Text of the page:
Authored by Paul Shealy, Senior Software Engineer, and Gopi Kumar, Principal Program Manager, at Microsoft.
Deep learning has received significant attention recently for its ability to create machine learning models with very high accuracy. It’s especially popular in image and speech recognition tasks, where the availability of massive datasets with rich information make it feasible to train ever-larger neural networks on powerful GPUs and achieve groundbreaking results. Although there are a variety of deep learning frameworks available, getting started with one means taking time to download and install the framework, libraries, and other tools before writing your first line of code.
Microsoft’s Data Science Virtual Machine (DSVM) is a family of popular VM images published on the Azure marketplace with a broad choice of machine learning and data science tools. Microsoft is extending it with the introduction of a brand-new offering in this family – the Data Science Virtual Machine for Linux, based on Ubuntu 16.04LTS – that also includes a comprehensive set of popular deep learning frameworks.
Deep learning frameworks in the new VM include:
- Microsoft Cognitive Toolkit
- Caffe and Caffe2
- NVIDIA DIGITS
- Torch, including PyTorch
The image can be deployed on VMs with GPUs or CPU-only VMs. It also includes OpenCV, matplotlib and many other libraries that you will find useful.
Run dsvm-more-info at a command prompt or visit the documentation for more information about these frameworks and how to get started.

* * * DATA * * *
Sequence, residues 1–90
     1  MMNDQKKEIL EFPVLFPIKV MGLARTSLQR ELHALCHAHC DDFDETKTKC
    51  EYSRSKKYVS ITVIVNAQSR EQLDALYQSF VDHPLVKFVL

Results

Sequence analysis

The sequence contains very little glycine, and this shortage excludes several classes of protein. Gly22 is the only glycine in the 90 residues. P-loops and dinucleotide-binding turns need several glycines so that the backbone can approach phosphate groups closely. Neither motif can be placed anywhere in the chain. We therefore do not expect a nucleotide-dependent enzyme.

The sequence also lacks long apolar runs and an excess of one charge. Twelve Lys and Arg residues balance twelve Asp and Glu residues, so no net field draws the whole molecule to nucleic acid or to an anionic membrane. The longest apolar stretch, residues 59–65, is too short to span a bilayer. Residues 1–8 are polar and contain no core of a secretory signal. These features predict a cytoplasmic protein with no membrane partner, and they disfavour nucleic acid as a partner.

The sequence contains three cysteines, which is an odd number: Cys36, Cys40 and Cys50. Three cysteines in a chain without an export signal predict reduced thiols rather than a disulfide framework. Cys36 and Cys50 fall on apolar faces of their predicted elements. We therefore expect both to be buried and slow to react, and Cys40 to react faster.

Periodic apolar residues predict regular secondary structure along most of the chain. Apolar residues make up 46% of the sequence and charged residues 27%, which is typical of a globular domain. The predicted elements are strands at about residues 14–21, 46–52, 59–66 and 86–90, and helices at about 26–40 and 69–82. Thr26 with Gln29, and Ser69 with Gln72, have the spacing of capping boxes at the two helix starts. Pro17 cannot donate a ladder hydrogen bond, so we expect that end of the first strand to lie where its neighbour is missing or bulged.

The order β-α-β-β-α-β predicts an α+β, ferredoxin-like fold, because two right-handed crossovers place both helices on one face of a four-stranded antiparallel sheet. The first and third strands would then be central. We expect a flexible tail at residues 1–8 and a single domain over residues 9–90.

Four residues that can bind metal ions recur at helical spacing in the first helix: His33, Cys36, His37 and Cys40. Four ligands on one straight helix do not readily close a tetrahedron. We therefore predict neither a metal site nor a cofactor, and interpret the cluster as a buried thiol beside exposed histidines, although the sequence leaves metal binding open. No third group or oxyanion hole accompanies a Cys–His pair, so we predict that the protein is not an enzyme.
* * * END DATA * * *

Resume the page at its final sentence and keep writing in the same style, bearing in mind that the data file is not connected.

Sample Jupyter notebooks are included for most frameworks. Start Jupyter or log in to JupyterHub to browse the samples for an easy way to explore the frameworks and get started with deep learning.
Training a deep neural network requires considerable computational resources, so things can be made significantly faster by running on one or more GPUs. Azure now offers NC-class VM sizes with 1-4 NVIDIA K80 GPUs for computational workloads. All deep learning frameworks on the VM are compiled with GPU support, and the NVIDIA driver, CUDA and cuDNN are included. You may also choose to run the VM on a CPU if you prefer, and that is supported without code changes. And because this is running on Azure, you can choose a smaller VM size for setup and exploration, then scale up to one or more GPUs for training.
The VM comes with nvidia-smi to monitor GPU usage during training and help optimize parameters to make full use of the GPU. It also includes NVIDIA Docker if you want to run Docker containers with GPU access.
Data Science Virtual Machine
The Data Science Virtual Machine family of VM images on Azure includes the DSVM for Windows, a CentOS-based DSVM for Linux, and an Ubuntu-based DSVM for Linux. These images come with popular data science and machine learning tools, including Microsoft R Server Developer Edition, Microsoft R Open, Anaconda Python, Julia, Jupyter notebooks, Visual Studio Code, RStudio, xgboost, and many more. A full list of tools for all editions of the DSVM is available here. The DSVM has proven popular with data scientists as it helps them focus on their tasks and skip mundane steps around tool installation and configuration.
To try deep learning on Windows with GPUs, the Deep Learning Toolkit for DSVM contains all tools from the Windows DSVM plus GPU drivers, CUDA, cuDNN, and GPU versions of CNTK, MXNet, and TensorFlow.
Get Started Today
We invite you to use the new image to explore deep learning frameworks or for your machine learning and data science projects – DSVM for Linux (Ubuntu) is available today through the Marketplace. Free Azure credits are available to help get you started.
Paul & Gopi